Our family had a weightlifting set in our basement that included a bench, a leg extension, and a curl bar. I always admired athletes and action hero movie stars (Rambo, Rocky, and The Terminator) who had developed muscular physiques through resistance training. My goal was to one day build a physique that would rival theirs. I would work out in the morning before school or in the evening before bed.

Did I really know what I was doing? No, but it sure felt good doing it and over time I started to notice I was definitely becoming stronger, and friends and family members would comment that I was starting to look “bigger.” I assumed I was doing something right.

I never did attain the much admired “Rocky Balboa physique” but I did research and study the topic of youth resistance training while earning my bachelor’s and master’s degrees. I remember reading and hearing the following comments from random people: “Weight training is not safe for kids” and “Lifting weights will stunt their growth.”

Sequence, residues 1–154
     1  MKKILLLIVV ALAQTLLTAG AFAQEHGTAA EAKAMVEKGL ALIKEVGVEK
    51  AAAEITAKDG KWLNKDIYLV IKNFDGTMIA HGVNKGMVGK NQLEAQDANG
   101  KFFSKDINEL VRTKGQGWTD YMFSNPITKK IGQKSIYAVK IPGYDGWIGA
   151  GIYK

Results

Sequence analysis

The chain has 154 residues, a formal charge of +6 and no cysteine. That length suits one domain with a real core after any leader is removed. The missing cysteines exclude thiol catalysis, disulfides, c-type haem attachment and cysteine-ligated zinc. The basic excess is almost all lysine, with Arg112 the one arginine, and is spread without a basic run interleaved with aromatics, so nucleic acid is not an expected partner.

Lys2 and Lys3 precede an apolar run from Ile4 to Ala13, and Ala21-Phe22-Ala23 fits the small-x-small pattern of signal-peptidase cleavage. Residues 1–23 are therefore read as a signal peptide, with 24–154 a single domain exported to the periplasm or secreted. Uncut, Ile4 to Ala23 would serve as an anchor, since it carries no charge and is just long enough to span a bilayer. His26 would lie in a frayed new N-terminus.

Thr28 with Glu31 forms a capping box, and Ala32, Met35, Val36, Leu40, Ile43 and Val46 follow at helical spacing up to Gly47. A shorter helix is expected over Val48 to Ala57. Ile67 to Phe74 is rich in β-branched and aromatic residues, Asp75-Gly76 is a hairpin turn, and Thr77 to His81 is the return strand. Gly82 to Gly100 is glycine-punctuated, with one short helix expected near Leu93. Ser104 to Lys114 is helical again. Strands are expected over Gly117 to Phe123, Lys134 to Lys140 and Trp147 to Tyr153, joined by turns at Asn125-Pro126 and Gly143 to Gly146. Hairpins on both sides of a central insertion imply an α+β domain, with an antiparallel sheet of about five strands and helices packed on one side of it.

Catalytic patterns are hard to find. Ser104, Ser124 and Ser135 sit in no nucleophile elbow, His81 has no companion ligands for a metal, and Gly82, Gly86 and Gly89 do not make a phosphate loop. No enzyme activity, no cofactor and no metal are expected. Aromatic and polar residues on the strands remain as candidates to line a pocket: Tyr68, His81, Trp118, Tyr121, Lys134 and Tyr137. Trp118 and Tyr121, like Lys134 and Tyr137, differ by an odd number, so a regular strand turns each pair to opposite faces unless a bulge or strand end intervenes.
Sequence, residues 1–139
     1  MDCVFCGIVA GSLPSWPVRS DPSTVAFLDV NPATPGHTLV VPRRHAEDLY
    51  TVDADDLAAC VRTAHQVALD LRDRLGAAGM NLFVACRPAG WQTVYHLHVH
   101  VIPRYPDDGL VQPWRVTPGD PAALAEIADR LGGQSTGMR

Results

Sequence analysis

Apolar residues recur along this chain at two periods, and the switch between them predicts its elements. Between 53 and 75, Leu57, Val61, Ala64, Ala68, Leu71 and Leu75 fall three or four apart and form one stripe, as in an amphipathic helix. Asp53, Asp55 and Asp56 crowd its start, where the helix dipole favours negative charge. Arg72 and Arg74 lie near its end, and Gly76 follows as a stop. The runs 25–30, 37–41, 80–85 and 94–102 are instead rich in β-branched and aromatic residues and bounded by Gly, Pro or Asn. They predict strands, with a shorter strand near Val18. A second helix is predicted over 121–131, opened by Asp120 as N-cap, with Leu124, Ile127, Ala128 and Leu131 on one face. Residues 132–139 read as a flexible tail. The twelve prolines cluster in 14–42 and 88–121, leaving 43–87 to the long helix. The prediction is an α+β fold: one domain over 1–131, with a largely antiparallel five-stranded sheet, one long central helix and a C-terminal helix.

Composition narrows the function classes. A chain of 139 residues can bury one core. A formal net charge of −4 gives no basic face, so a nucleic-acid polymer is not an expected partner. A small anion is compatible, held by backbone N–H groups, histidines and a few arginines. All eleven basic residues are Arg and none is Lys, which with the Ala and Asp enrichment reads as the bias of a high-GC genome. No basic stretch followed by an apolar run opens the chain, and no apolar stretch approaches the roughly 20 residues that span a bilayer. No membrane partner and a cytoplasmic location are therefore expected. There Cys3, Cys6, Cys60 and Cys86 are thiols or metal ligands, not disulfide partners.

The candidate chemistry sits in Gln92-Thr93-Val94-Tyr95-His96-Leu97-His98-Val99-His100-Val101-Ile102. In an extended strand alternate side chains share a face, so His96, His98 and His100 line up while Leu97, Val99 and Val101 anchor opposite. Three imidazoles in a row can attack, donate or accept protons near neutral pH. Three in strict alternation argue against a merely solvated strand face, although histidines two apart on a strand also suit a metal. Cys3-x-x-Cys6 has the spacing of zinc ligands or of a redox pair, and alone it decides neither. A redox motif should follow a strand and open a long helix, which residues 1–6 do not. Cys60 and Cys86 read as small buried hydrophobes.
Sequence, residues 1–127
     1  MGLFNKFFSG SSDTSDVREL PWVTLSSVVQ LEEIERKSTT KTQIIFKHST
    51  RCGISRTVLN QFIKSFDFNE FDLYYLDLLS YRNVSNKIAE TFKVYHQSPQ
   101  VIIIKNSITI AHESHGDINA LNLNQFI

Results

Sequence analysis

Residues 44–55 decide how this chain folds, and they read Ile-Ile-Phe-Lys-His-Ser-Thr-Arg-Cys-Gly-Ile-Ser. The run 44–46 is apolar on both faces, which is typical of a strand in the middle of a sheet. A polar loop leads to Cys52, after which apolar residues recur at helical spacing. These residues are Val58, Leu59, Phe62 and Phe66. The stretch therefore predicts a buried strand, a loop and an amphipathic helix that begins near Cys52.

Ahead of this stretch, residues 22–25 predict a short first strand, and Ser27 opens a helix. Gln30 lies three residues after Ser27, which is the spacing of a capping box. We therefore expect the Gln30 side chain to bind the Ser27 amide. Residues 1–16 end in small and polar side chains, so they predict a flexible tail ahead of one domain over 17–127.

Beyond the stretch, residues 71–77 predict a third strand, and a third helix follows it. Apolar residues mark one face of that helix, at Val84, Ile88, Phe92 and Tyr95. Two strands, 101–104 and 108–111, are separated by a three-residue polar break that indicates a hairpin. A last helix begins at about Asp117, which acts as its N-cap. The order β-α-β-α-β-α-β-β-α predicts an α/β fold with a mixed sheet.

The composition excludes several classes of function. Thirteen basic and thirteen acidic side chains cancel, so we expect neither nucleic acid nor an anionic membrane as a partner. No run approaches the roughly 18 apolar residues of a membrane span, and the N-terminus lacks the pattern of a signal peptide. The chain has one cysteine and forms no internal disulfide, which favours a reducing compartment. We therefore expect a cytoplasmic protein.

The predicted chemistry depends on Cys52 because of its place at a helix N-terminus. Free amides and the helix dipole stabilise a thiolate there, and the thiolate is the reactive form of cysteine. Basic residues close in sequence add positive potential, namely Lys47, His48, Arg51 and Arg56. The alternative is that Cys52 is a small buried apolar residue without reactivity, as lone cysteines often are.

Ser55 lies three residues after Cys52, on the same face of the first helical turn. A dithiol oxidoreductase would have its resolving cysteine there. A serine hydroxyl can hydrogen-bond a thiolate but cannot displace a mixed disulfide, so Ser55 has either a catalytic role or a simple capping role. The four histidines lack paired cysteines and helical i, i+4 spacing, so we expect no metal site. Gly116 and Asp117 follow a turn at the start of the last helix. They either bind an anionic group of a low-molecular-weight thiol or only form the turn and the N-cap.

As I became more educated on the topic of resistance training, these random statements made no sense to me. I would ask myself, “Why is it safe for adults to lift weights and not kids?” and “How could strengthening muscles and bones stunt one’s growth?” As an educator I tell my students to never accept other’s statements/opinions as fact unless it is supported by research.

Wel,l I am here to inform you that the research does support our youth engaging in a safe and supervised resistance training program – safe and supervised being the key words.